Waste-To-Energy: The Next Step in the Hierarchy After the 3-Rs
National Waste Processing Conference Proceedings ASME 1994
WASTE-TO-ENERGY: THE NEXT STEP
IN THE HIERARCHY AFTER THE 3-Rs
Ogden Martin Systems, Inc.
Fairfield, New Jersey
on the comparative risks of waste-to-energy and landfills,
there are also risks with recycling options, most notably
mixed waste composting. Therefore, recycling alternatives
should be scrutinized in the same manner as the two op
tions discussed here.
As communities worldwide plan for the management of
their solid waste, the issue of what should be the next step
in the hierarchy after reduction, reuse and recycling (the
3-Rs) must be addressed. In the 1990's, four North Amer
ican communities described in this paper made carefully
considered decisions to construct properly-sized Waste-to
Energy (WTE) facilities which will work in concert with
aggressive 3-R mandates.
The Canadian and US communities' programs de
scribed include special features such as battery recycling,
and will utilize advanced air pollution control equipment
on their WTE facilities. The Canadian example is the
Metropolitan Authority project comprised of a joint ef
fort of the City of Dartmouth, the Town of Bedford, the
County of Halifax and the City of Halifax, Nova Scotia.
The management scheme is 40% 3-Rs, 40% WTE and
20% landfiIling. The US examples are the Counties of Lee
in Florida, Onondaga in New York, and Montgomery in
Maryland. For Lee County, the 3-R mandate is 40% by the
start of operation of the WTE facility in 1995. Onondaga
County will use its WTE facility to combust only proces
sible non 3-R waste as defined by New York State reg
ulations. Montgomery County's decision is to achieve a
50% rate for the 3-Rs by the year 2000. Its WTE facility
is being built with room for a 50% expansion.
In addition, the environmental impact and health risk
assessment of the WTE option is compared to the option
of raw waste landfilling of the remaining non 3-R waste.
The WTE option is shown to have both lower environ
mental impacts and lower health risk. This is the case
primarily because WTE's emit significantly lower quan
tities of toxic compounds and greenhouse/ozone-produc
ing gases than landfills. Although this paper focuses only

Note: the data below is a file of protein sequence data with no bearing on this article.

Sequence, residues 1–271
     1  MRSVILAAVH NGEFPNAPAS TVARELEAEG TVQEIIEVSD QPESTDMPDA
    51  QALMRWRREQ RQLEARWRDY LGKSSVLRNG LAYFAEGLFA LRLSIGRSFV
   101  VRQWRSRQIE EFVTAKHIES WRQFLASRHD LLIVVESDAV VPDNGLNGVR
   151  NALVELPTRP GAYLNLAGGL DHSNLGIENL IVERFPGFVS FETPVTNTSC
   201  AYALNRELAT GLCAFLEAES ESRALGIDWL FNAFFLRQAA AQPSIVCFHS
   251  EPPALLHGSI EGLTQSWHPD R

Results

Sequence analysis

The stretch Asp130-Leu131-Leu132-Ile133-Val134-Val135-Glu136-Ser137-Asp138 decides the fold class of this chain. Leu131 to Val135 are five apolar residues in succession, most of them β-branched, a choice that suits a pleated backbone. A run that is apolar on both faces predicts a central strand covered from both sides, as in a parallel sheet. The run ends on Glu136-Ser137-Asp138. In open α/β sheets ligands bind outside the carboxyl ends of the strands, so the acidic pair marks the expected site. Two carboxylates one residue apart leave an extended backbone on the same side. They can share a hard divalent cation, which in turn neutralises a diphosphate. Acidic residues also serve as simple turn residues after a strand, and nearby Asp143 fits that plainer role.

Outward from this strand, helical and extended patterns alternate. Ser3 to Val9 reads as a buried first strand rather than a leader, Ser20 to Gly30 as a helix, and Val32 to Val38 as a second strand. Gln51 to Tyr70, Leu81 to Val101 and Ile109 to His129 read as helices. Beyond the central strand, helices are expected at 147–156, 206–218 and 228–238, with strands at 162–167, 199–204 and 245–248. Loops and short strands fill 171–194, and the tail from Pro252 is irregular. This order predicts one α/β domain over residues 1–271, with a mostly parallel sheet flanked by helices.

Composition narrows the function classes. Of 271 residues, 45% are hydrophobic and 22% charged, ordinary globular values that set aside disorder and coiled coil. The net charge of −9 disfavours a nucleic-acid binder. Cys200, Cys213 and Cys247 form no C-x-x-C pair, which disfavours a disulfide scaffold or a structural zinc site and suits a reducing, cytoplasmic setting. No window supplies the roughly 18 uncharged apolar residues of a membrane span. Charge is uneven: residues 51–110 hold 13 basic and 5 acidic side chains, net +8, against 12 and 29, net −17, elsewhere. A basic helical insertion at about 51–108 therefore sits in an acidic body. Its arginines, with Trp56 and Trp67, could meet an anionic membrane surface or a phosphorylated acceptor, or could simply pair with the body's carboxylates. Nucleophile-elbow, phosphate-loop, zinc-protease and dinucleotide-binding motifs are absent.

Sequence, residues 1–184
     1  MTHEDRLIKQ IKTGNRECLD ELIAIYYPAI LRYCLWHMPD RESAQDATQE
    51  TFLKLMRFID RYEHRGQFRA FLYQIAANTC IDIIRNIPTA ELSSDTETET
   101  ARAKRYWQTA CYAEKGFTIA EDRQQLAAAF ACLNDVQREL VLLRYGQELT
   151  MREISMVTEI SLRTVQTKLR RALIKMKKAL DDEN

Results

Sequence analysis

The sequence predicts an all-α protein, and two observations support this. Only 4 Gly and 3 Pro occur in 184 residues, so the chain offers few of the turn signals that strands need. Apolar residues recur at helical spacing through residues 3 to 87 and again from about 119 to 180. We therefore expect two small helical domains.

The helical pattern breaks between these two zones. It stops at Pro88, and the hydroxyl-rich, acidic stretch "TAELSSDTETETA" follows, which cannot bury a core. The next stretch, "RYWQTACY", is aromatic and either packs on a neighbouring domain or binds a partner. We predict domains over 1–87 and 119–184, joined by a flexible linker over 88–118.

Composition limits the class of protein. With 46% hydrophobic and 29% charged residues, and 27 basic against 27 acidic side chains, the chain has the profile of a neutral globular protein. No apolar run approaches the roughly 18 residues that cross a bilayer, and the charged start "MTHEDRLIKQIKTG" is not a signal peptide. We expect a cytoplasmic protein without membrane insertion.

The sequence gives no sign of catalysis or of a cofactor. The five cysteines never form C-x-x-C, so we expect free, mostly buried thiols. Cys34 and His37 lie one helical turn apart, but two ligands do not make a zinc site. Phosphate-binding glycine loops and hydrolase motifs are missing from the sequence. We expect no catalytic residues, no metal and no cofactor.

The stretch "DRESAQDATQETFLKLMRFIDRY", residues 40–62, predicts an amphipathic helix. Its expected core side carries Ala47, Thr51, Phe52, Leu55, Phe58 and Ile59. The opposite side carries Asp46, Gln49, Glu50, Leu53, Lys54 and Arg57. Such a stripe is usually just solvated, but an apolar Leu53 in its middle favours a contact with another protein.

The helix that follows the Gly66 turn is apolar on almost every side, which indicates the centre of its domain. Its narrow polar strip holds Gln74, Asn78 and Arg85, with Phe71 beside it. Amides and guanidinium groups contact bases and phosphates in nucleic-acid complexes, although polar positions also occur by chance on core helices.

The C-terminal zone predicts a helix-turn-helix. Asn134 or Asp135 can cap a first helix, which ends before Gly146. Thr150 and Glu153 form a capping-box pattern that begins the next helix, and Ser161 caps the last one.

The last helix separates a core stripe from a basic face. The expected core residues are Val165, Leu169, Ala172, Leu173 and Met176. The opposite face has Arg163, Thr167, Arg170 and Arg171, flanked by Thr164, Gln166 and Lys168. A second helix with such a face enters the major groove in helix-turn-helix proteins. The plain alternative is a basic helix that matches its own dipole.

PRESENTATION OF FOUR NORTH AMERICAN
COMMUNITIES' INTEGRATED WASTE
Four projects were recently awarded to Ogden Martin
Systems (OMS) by communities in North America that
currently practice the 3-Rs and have future plans and goals
to expand their 3-R programs. However, each of these
communities has realized that all 3-R programs have up
per limits and that the remaining municipal solid waste is
best managed within an integrated system in order to limit
landfilling of non 3-R treated waste.
Metropolitan Authority (Dartmouth) N.S. Project
For the City of Dartmouth, the Town of Bedford, the
County of Halifax and the City of Halifax, the 3-R pro
gram aims at managing forty percent (40%) of the munic
ipal solid waste generated in that region of Nova Scotia.
Recovering the energy from another forty percent (40%)
serves as the "fourth-R" in the hierarchy, while landfill
ing will manage the last twenty percent (20%). Figure 1
shows a rendering of the Waste-to-Energy facility; Table
1 lists the pertinent design data.
The facility will be designed to meet the more strin
gent of Canadian CCME or U S EPA air emissions require
ments and will utilize an advanced mercury control system
and a Selective Noncatalytic Reduction system for control
METROPOLITAN AUTHORITY WASTE-TO-ENERGY FACILITY
Lee County (Ft. Myers) FL Project
After two years of debate regarding the goals of its 3-R
Program, Lee County downsized its planned WTE facil
ity such that by the time the facility begins operation, the
3-R Program must accomplish ten percent ( 10%) more
than is required by the State of Florida's thirty per
cent (30%) mandate. Thus, the self-imposed forty per
cent (40%) 3-R Program must be operational in the be
ginning of 1995 in order to prevent untreated municipal
solid waste from being landfilled. This level of 3-Rs in
cludes limited provision for growth of either population or
waste generation; however, the facility has been designed
for addition of a third unit which would increase its ca
pacity by fifty percent (50%) if required. Figure 2 shows a
rendering of the facility, while Table 2 lists salient design
data for the facility.
The Lee County Project set a new standard for mercury
control as a result of the debate on facility emissions. Not
only did Lee County opt to include advanced mercury con
trol, but it also instituted a battery recycling component to
its integrated waste management system well in advance
of the facility's operation. Construction of the facility be
gan in October, 1992 and is scheduled for completion in
(Contract Awarded -Implementation,
Permitting and Financing in Progress)
Operator/owner prior to
Oq'd.an Kartin syst... ot Mova ScotiA,
:Z6SJ5 North Sheridan way
Kissl •••uqa, Ontario CANADA
eU eat/OWDer lZpOll
Opera t ioDa Da te:
$ 11 7.8 all lion
9.7 hectare. in Dartmouth. Nova Scotia
and ash handling
Rated •• fu •• hrDi.DIiJ capacity:
155,000 tonne. per year
Tarq ate4 w•• t.
120,000 tonne. per year
Air Pollution Control �ipaent:
Auto.atic combustion controls, dry flu.
g.- _crubbers, fabric filter baghouses.
NOx ra.oval aystea. aucury abataaant and.